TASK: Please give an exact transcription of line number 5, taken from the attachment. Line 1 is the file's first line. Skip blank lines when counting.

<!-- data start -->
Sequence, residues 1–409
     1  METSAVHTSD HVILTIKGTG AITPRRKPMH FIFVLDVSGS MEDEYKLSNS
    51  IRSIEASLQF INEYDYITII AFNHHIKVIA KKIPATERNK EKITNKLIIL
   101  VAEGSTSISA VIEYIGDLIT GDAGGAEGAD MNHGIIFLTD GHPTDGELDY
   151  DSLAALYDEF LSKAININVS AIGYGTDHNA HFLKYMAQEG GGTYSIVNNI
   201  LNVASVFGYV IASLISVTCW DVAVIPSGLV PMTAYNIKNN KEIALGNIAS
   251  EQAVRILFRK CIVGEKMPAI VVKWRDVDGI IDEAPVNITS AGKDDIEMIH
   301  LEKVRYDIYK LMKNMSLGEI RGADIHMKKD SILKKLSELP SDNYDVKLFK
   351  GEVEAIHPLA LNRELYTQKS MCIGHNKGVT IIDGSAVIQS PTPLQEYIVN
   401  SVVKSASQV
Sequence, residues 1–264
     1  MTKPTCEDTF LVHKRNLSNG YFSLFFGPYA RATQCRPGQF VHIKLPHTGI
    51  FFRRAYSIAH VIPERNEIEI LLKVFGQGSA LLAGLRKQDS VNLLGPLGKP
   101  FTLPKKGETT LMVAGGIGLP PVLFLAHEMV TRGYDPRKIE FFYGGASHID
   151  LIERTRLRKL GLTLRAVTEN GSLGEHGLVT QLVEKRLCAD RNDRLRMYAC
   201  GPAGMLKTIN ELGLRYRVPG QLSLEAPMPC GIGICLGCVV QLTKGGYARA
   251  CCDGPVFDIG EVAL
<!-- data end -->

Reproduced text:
   151  DSLAALYDEF LSKAININVS AIGYGTDHNA HFLKYMAQEG GGTYSIVNNI